That's what I don't get. We already have the infrastructure in place for artists to "make it" on their own - no record label company needed. A friend of mine put a few of her self-produced educational videos on YouTube hoping for some publicity - maybe someone at a TV station would see them and pick up the series or offer her a job. Instead, the videos grew insanely popular among parents. The YouTube revenue was more than enough to fund production of the video series she'd been hoping a TV studio would bankroll. And now she's one of YouTube's biggest producers. Her YouTube revenue exceeds her (lawyer) husband's income, and he's taking more and more time off his law practice to help with her video and website production.

But so many aspiring musicians seem to think the only way to succeed is the "traditional" way - sell their soul to a record label who will take 90% of what they earn, and charge them another 8% as production expenses. Organic publicity on YouTube and social media is free (assuming people actually like what you produce). Amazon, iTunes, and Google Play take a 30% cut, which while I still think is excessive is a helluva lot better than the 95+% a record label will take. The only hold the record labels still have is on radio, which is declining in popularity. The record labels are this generation's buggy whip manufacturers - don't chain yourself to them. The Internet removed one of the biggest impediments to publicizing virtual media like music - production and distribution. Take advantage of it if you're an aspiring musician (or video producer).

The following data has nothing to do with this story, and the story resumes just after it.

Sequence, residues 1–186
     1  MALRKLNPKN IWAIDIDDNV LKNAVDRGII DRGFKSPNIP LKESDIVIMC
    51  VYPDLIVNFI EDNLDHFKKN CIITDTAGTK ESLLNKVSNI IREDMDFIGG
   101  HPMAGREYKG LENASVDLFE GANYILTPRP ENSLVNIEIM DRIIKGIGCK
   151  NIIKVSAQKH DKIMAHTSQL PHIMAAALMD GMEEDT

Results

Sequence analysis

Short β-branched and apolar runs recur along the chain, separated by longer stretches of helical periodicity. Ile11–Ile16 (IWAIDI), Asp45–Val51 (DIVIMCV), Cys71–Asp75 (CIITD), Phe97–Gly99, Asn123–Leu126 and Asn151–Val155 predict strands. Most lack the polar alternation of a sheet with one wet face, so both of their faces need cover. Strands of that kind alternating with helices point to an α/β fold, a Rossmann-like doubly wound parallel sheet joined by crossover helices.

Comment: Re:Hobbit (Score 2) 270

by bzipitidoo (#49783825) Attached to: How To Die On Mars